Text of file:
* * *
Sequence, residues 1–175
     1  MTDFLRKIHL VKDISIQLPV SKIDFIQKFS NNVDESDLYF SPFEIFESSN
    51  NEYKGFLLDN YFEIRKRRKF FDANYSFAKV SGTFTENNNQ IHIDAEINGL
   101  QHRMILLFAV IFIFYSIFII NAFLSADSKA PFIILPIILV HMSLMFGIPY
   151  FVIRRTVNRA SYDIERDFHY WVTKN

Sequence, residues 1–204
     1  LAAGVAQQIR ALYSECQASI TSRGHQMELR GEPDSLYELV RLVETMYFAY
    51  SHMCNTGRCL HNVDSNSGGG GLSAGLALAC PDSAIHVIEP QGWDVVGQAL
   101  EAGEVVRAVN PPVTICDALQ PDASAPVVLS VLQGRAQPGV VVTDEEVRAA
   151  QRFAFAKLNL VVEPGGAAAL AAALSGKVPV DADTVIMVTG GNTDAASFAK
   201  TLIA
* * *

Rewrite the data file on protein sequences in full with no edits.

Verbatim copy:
Sequence, residues 1–175
     1  MTDFLRKIHL VKDISIQLPV SKIDFIQKFS NNVDESDLYF SPFEIFESSN
    51  NEYKGFLLDN YFEIRKRRKF FDANYSFAKV SGTFTENNNQ IHIDAEINGL
   101  QHRMILLFAV IFIFYSIFII NAFLSADSKA PFIILPIILV HMSLMFGIPY
   151  FVIRRTVNRA SYDIERDFHY WVTKN

Sequence, residues 1–204
     1  LAAGVAQQIR ALYSECQASI TSRGHQMELR GEPDSLYELV RLVETMYFAY
    51  SHMCNTGRCL HNVDSNSGGG GLSAGLALAC PDSAIHVIEP QGWDVVGQAL
   101  EAGEVVRAVN PPVTICDALQ PDASAPVVLS VLQGRAQPGV VVTDEEVRAA
   151  QRFAFAKLNL VVEPGGAAAL AAALSGKVPV DADTVIMVTG GNTDAASFAK
   201  TLIA